I’ve mentioned how irritating I find the condescending attitude of many early studies on the rise of the novel towards the reading population of the late 17th and early 18th centuries, as I do the insistence that anything not written by Daniel Defoe was not at all important. I’m pleased to find that I’m not alone in that respect. Midway through Lennard Davis’s Factual Fictions, he begins to consider the many professional writers of that time, and takes exception to the dismissive tone of certain of his fellow analysts. Strong exception.
“…even Ian Watt, whose Rise Of The Novel had done much to place novels in their proper class perspective, begins his book with Robinson Crusoe and dismisses the earlier forms of popular fiction as irrelevant. Watt glides over serialized fiction, which, as we will see, was the predominant reading material for a good deal of the literate public, saying that, The poorer public is not very important*; the novelists with whom we are concerned did not have this form of publication in mind. Watt is wrong on this score, and his decision to begin at the moment when novels began to be more widely accepted by the middle-class reader creates the impression that before Defoe there was not much in the way of prose fiction. Watt barely mentions the novels of Aphra Behn, Mrs Manley, Mary Davys, Ned Ward, Eliza Haywood, and others.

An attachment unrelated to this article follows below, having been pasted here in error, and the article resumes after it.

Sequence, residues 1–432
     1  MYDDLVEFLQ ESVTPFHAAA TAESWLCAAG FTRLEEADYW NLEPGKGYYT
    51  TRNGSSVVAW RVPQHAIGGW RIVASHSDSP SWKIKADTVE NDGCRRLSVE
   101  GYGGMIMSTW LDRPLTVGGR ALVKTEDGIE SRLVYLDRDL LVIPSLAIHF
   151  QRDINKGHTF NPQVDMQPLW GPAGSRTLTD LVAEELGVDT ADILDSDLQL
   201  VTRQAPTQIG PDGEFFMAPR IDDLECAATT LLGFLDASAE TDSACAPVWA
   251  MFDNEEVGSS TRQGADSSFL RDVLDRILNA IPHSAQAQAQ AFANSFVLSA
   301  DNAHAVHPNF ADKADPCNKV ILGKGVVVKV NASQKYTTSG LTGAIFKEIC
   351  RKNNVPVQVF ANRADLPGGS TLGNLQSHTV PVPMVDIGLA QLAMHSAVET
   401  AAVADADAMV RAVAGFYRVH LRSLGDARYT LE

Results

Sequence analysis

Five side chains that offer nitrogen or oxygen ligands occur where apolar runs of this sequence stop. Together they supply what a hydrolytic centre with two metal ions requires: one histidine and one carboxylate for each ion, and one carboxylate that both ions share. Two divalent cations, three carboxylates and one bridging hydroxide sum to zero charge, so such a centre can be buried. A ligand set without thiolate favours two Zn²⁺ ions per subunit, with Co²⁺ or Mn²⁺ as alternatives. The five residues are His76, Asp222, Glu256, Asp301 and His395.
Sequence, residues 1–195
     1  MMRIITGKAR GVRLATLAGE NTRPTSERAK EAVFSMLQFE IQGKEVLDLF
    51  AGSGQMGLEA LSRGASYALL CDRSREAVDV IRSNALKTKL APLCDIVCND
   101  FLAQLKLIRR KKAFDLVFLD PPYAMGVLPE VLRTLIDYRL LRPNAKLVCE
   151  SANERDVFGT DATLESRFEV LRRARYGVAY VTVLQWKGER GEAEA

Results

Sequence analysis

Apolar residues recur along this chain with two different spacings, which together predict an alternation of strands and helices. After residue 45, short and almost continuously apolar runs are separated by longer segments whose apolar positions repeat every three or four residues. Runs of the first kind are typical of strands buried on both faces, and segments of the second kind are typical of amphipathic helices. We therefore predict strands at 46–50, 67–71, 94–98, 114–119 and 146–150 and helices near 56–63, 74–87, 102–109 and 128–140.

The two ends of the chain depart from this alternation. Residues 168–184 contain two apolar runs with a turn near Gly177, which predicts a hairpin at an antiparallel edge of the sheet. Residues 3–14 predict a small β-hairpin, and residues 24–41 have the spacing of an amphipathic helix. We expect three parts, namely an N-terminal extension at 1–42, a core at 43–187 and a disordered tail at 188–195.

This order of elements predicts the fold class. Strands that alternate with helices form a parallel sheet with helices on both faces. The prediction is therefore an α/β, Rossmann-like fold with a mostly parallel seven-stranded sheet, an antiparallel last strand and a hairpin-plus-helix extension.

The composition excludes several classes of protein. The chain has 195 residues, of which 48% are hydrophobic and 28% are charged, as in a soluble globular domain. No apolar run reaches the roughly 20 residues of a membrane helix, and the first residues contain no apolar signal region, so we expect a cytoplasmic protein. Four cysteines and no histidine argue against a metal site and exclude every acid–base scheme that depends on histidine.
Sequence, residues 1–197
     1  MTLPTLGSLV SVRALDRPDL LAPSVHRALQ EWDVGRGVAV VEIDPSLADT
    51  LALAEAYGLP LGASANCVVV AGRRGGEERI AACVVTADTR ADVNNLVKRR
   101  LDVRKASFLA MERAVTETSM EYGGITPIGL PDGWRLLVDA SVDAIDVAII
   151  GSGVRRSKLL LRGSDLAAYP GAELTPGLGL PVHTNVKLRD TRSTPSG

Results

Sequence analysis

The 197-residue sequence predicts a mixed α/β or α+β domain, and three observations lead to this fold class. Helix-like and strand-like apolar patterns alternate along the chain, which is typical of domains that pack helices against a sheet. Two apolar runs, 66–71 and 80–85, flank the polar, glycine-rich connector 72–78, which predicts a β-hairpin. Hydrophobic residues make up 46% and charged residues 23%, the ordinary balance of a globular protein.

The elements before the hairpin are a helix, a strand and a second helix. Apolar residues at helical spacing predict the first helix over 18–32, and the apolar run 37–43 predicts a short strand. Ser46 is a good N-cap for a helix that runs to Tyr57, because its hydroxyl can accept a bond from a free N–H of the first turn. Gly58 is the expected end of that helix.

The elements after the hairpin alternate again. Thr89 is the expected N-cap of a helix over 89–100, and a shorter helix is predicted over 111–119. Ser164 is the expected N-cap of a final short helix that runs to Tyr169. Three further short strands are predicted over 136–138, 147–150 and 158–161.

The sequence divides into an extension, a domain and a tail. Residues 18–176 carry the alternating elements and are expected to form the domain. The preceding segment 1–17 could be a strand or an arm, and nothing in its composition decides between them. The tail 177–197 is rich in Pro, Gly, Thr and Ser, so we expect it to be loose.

“While it may be true that many of these works are inferior to those of Defoe, Richardson, or Fielding, there is much in them that is essential to understanding the history of the novel. Certainly, Defoe at his worst is not as good as Manley at her best, and the History Of Rivella is as inventive and creative of two-thirds of Defoe’s hack exercises…”
You go, Lennard!